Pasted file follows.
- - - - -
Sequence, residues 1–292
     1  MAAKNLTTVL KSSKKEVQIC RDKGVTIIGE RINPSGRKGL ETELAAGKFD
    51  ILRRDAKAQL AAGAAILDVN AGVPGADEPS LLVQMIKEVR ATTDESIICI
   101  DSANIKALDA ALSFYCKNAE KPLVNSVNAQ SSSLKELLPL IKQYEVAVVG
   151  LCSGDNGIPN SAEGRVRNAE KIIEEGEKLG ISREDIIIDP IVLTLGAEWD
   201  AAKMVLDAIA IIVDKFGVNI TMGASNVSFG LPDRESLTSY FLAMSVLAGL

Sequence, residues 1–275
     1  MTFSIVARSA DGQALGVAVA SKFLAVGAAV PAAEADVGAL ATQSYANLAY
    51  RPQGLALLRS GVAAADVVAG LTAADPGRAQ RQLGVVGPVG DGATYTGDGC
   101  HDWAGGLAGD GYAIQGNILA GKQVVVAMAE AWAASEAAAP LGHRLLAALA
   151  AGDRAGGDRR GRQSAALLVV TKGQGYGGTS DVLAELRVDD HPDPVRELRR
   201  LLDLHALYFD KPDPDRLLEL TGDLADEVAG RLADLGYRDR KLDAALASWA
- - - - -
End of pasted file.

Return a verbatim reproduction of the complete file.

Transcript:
Sequence, residues 1–292
     1  MAAKNLTTVL KSSKKEVQIC RDKGVTIIGE RINPSGRKGL ETELAAGKFD
    51  ILRRDAKAQL AAGAAILDVN AGVPGADEPS LLVQMIKEVR ATTDESIICI
   101  DSANIKALDA ALSFYCKNAE KPLVNSVNAQ SSSLKELLPL IKQYEVAVVG
   151  LCSGDNGIPN SAEGRVRNAE KIIEEGEKLG ISREDIIIDP IVLTLGAEWD
   201  AAKMVLDAIA IIVDKFGVNI TMGASNVSFG LPDRESLTSY FLAMSVLAGL

Sequence, residues 1–275
     1  MTFSIVARSA DGQALGVAVA SKFLAVGAAV PAAEADVGAL ATQSYANLAY
    51  RPQGLALLRS GVAAADVVAG LTAADPGRAQ RQLGVVGPVG DGATYTGDGC
   101  HDWAGGLAGD GYAIQGNILA GKQVVVAMAE AWAASEAAAP LGHRLLAALA
   151  AGDRAGGDRR GRQSAALLVV TKGQGYGGTS DVLAELRVDD HPDPVRELRR
   201  LLDLHALYFD KPDPDRLLEL TGDLADEVAG RLADLGYRDR KLDAALASWA